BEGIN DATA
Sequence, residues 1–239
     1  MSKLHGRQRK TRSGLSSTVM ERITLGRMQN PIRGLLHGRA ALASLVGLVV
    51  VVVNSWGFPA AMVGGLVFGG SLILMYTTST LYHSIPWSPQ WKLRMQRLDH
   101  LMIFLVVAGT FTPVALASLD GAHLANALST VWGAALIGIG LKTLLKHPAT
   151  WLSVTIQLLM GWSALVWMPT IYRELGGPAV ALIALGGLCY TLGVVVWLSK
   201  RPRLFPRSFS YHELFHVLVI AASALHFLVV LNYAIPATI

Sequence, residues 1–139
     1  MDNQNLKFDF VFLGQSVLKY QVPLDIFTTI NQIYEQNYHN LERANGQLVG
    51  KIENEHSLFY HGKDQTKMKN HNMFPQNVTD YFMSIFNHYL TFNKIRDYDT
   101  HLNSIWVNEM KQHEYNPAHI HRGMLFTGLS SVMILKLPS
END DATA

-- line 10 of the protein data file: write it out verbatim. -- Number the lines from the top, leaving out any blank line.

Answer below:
   101  HLNSIWVNEM KQHEYNPAHI HRGMLFTGLS SVMILKLPS